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Stiffer penalties required for polluters: Zela

Stiffer penalties required for polluters

ZIMBABWE Environmental Law Association (Zela) executive director Mutuso Dhliwayo has called for stiffer penalties for environmental pollution offences.

Speaking last week during a lawyer’s training on climate justice, litigation, critical minerals and mechanisms for promoting transparency and accountability, Dhliwayo said:  “Climate change poses an existential threat to humanity, and the negative consequences are borne disproportionately by those who only emit fewer greenhouse gases, but are already in disadvantageous situations due to gender, poverty and other factors. A safe climate is a vital element of the right to a healthy environment, and is essential to human life and well-being. ”

The training was facilitated by Zela and the Centre for Human Rights.

Assistant director of the Centre for Human Rights, Llody Kuvheya said unsustainable patterns of consumption and production were contributing to reduction in biodiversity, increased pollution and global warming.

“It is time for legal practitioners to advocate that the extraction of resources benefits the locals. Litigating against those corporations at the forefront of resource plunder at the expense of communities can be done; it is possible. We need to stop the plunder,” Kuvheya said.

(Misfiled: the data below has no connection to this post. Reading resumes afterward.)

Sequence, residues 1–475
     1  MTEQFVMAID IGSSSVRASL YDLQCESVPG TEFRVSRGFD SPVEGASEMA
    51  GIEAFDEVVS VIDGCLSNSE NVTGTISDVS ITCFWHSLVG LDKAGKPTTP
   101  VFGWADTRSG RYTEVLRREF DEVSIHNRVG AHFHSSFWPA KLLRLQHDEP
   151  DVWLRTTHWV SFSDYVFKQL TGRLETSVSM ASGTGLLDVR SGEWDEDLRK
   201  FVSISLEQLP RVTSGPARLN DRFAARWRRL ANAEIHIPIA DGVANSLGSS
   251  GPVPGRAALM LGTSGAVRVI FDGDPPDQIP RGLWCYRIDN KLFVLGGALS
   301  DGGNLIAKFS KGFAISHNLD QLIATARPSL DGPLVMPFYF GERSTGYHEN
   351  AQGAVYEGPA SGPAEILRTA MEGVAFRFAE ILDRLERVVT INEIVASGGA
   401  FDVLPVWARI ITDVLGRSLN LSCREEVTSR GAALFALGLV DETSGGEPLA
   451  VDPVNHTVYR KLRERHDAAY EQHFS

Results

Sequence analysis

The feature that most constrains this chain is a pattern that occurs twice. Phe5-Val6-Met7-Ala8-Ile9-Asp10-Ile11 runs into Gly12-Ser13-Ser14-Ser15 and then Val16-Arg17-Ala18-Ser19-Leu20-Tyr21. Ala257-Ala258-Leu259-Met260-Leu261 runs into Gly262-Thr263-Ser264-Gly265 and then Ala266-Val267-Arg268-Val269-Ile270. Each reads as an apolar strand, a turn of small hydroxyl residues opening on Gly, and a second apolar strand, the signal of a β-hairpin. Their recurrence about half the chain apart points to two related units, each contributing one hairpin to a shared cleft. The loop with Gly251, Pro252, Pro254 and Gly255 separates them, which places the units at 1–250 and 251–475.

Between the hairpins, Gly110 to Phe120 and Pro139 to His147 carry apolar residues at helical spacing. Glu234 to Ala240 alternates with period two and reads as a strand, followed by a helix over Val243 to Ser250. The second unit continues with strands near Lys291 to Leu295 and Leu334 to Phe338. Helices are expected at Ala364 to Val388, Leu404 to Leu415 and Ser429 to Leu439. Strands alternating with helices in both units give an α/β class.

Kuvheya said governments have an obligation to protect human rights for a safe, clean and healthy, sustainable environment, as well as safe and clean food, water, adequate sanitation, and non-toxic environments.

“If you are not fighting for the rights of ordinary people, you are not worth your salt as a lawyer,” he stressed, underscoring the importance of bringing to book the perpetrators of environmental injustice.

“When water and air pollution continue unabated, in some countries multinational corporations in the extractive industry destroy the environment with impunity, and environmental regulatory bodies fail to perform their duties effectively, then Article 24 of the African Charter will continue to be violated with detrimental climate change impacts,” he said.

A Zela official, Michelle Chitambo said several judicial and non-judicial mechanisms for holding corporations accountable have been developed in recent years.

“One key mechanism is climate change litigation, which has risen in prominence globally to achieve climate justice.  The number of climate litigation cases in the world has more than doubled since 2015. The year 2019 was the second warmest year on record and signalled the end of the warmest decade ever recorded. In sub-Saharan Africa, droughts, cyclones and floods have destroyed livelihoods, killed people, and even displaced them. In all this, it is the vulnerable communities who bear the brunt of climate change as they do not have the requisite means to adapt and mitigate nature’s vagaries,” she said.

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